> result of me yielding to the preferences of other developers (and LLVM's
> semantics), as well as some hint that things get much easier in syntax
> extensions and calculating compile-time-constants if we permit more
> "statement-ish" forms as expressions. Particularly conditionals.
> >>
> >> We've run into a (common, seen in many other languages) sort of problem
> along the way here, which is that some expressions are implicitly ignored
> (or must be, due to being in an ignored context) whereas others are not. We
> have a nil-type (), but we don't always have sensible rules for forcing
> things to have the nil type by context.
> >>
> >> This email is a poll of alternative solutions. I'll give two example
> cases and ask people for their input on which modification of the rules
> feels best.
> >>
> >> Example case that does compile:
> >>
> >> A:  auto x = if (foo()) { 10; } else { 11; };
> >>
> >> Example case that does not compile:
> >>
> >> B:  if (foo()) { 10; } else { "hello"; }
> >>
> >> We can write this in rust at the moment, but in the rustc typechecking
> rules it will fail to compile, because 'if' is an expression-statement,
> expressions have types, and the types of the two branches (judged as the
> last statement's expression value, if it's an expression, or else nil) are
> of different types.
> >>
> >> Here are some approaches to solving this example. Please pick the one
> you like the most:
> >>
> >> (1) Kick all branchy expressions out of the expression grammar, put them
> back in the statement grammar. Case B will compile, and case A must be
> rewritten like so:
> >>
> >> A:  auto x = { auto t = 11; if (foo()) { t = 10; }; t; };
> >>
> >> This is the C-with-GNU-extensions model.
> >>
> >> (2) Hoist all statements up into the expression language and make
> semicolon into a sequencing operator, with a trailing-semi ignored by the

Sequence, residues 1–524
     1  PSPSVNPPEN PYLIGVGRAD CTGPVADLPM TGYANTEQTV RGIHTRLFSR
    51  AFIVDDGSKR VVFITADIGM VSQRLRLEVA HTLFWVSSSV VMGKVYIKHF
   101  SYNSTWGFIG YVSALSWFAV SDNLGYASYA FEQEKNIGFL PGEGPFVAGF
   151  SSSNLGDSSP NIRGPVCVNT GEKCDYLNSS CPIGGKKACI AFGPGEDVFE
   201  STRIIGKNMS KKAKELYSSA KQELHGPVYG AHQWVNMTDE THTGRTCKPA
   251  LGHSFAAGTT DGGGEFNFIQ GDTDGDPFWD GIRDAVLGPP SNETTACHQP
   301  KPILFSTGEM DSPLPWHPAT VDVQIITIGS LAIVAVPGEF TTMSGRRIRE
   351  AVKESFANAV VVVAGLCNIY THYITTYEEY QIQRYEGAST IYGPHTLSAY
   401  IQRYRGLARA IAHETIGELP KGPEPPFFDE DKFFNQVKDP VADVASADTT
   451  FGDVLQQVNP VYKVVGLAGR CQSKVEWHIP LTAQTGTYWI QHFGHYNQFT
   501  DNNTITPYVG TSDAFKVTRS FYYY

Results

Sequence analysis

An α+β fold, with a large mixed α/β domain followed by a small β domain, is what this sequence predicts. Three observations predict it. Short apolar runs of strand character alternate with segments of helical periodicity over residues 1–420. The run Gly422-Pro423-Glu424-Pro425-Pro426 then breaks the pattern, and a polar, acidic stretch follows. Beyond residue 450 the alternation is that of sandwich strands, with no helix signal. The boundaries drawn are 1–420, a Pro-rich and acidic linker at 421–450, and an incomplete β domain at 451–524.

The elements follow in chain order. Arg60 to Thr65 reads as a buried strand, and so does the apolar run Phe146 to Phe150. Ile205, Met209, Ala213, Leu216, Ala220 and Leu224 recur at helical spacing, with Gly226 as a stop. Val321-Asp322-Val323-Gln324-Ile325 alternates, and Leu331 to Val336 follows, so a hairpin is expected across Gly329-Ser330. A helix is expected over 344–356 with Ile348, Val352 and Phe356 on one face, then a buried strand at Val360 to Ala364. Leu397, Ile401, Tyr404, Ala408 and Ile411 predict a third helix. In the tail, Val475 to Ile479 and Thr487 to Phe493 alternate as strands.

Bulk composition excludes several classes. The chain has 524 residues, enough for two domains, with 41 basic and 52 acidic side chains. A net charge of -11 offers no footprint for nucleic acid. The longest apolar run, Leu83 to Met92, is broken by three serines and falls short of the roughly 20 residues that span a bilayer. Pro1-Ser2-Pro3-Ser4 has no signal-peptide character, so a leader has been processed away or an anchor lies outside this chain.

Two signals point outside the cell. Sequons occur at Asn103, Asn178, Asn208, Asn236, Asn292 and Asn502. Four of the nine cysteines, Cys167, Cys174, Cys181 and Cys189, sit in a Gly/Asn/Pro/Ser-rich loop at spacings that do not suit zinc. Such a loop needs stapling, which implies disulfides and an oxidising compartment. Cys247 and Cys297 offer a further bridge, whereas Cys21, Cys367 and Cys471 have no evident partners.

> parser. Then we need to rewrite only the second case to force unit types in
> the to-be-ignored differing branches.
> >>
> >> B:  if (foo()) { 10; () } else { "hello"; () }
> >>
> >> Though we'd also be *allowed* to rewrite the first case to drop the
> semicolons:
> >>
> >> A:  auto x = if (foo() { 10 } else { 11 };
> >>
> >> This is the Ocaml approach.
> >>
> >> (3) A slightly weaker form of (2), which is to reformulate blocks with
> the following grammar:
> >>
> >>   block ::=  { [ stmt ; ]* expr? }
> >>
> >> In other words, every block becomes a brace-enclosed sequence of
> semicolon-terminated statements, followed by an optional expr. If the expr
> is missing, it is implied as (). In this case we'd be rewriting only the
> first case:
> >>
> >> A:  auto x = if (foo()) { 10 } else { 11 };
> >>
> >> This is similar to the Ocaml rule in practice, except that it makes the
> presence or absence of the final semicolon in a block equivalent to ending
> the block with the nil type. This is a possible hazard (especially during
> refactoring or editing) to users who want to write a value-producing block
> but accidentally semicolon-terminate the last expression; but it's not a
> huge hazard since the typechecker will tell them the value they produced is
> of nil type. It just might be hit a lot.
> >>
> >> (4) Statically determine the contexts in which an expression's value
> "will be used" in an outer expression, and only typecheck those contexts.
> This permits both of the examples to compile as-is, but it's the most
> unorthodox approach, and poses a refactoring hazard as code may become
> type-invalid when nested into an expression context that "uses" its
> previously-ignored result. Again, as in (3) the typechecker will catch these
> cases, but they might happen more or less often than those in (3).
> >>
> >> We can't think of any other options. Significant whitespace is not an
> option :)
> >>
> >> Personally my knee-jerk reaction is to embrace (1) since I like
> statements anyway, but I can see plausible arguments for the other 3. Can I
> get a show of hands? We have to pick something.